the homeless are predominantly social dropouts and as such i think a strong case could be made that they have no constitutional rights. if you can't satisfy the nominal prerequisites for participation in an orderly society then you should be thrown into jail for being a bum--which would indeed be a crime if we had any sense at all. we have enough shelters, charities, and work programs that anyone who is homeless is homeless because they choose to be, or, rather, because they let booze or crack make the choice for them. some are mentally or physically disabled and need help, and i don't think anyone has a problem with that. but the rest are just bums. if the city wants to voluntarily notify them of upcoming sweeps or let them know where they could claim their stolen "property" then so be it, but a matter of constitutional law this ain't. the ACLU wants to pretend that this is an illegal search and seizure, that "due process" has been violated. fine. let them get homes first, then we'll talk.

locdog's $0.02




5/05/2003

 

on the stoning of bill bennett



liberals like kinsley are dancing in the streets over what they perceive to be the downfall of one of social conservatism's preeminent spokesmen. they rejoice not because they hate bill bennett and have longed to witness his comeuppance (although they certainly do and they certainly have) but because deep down they believe that all social conservatives are puritanical hypocrites of the do-as-i-say-and-not-as-i-do variety and so, whenever a bill bennett falls, they take it as a confirmation of their long-held prejudices. if one of their leaders gets caught with his pants down, they simply point to the bill bennetts as though that in and of itself were all defense they would ever need.

i will now raise a similar double-standard, but i do so not to exonerate mr. bennett--who failed social conservatives like myself grievously--because he remains, i believe, a good if flawed man. he will recover in time and hopefully lead the charge against gambling with the zeal and moral authority of a born-again believer. but for now, what he did was wrong and he deserves to be criticized for it. wrong, not as kinsley and others believe, because he's captain virtue, but simply because indulging in excessive gambling is a sin, and bennett, in one of his better moments, would admit as much himself. no, i will raise a double-standard simply because wrong is wrong:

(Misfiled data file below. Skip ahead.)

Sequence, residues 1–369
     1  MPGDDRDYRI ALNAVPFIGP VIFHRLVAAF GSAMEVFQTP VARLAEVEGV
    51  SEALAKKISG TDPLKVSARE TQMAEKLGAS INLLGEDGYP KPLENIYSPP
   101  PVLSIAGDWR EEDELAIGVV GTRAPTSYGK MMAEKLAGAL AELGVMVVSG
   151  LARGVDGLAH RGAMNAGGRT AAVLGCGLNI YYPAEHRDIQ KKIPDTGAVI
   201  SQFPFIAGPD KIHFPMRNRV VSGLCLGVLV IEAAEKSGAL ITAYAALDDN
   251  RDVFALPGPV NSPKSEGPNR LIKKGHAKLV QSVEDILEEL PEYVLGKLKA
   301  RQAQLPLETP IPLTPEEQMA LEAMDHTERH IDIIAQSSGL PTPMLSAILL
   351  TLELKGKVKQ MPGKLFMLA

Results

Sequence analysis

bill clinton did not have sexual relations with that woman, miss lewinsky.

"so what," you say. "clinton wasn't ramming his morality down everyone else's throat. clinton hadn't set himself up as a moral paragon. clinton wasn't writing books about how we all needed to be more like him."

which is to say...what, exactly? that unless we are specifically told by the president that we should take his moral character more seriously than that of your average jerry springer guest, we shouldn't? and what about JFK? or jesse jackson?

when all the pretense and hypocrisy (two traits, i do not deny, that mr. bennett has strongly displayed--and that's to say nothing, yet, of mr. kinsley) has been dropped, what the liberals are left with is the following defense:

"it was only his personal life. it never affected his profession. and when you look at all the good clinton or JFK did for the nation, how can you complain about a little oral in the oval office?"

this is precisely my point. you complain about it because it's wrong. it's wrong to cheat on your wife no matter who you are and no matter what your preferred style of penetration. it's wrong to tell a lie, whether you are lying to a total stranger over a ding you put in his car door, or to the entire nation on national tv. (or to a grand jury.) and it's wrong to gamble away millions of dollars whether you're mother theresa or adolph hitler.

but liberals don't see it that way. to the michael kinsleys of the world, the good clinton did far outweighed the bad. bill bennett, in kinsley's estimation, was pompous, bigoted jerk attempting to revive dangerously outmoded moral standards and so no quarter is given. the rightness or the wrongness of bennett's actions, to kinsley and the left in general, is completely irrelevant--and that is why, for all their schadenfreude and their bluster, they could never offer a single, genuine criticism of mr. bennett's transgressions. other than the sin of hypocrisy, to them, bennett has done nothing wrong. even that most commonplace of vices is only useful to them in as much as they think it allows them to discredit not mr. bennett, who in the vast scheme of things matters very little, but the threatening philosophy he represents. but bennett failing to conform to his own high standards no more discredits those standards than clinton's or jackson's failures discredited "thou shalt not commit adultery." it simply doesn't work like that.

mr. bennett has stumbled, and unlike those who should be held to higher standards whether they beg to or not--like bill clinton--or those whose hypocrisy makes bill bennett's seem piddling in comparison--like jesse jackson--he will not be given a free pass. but those who would most dearly love to smear bennett--like kinsley--cannot touch him. they'd have to be at least as moral as bill bennett is to even have a chance.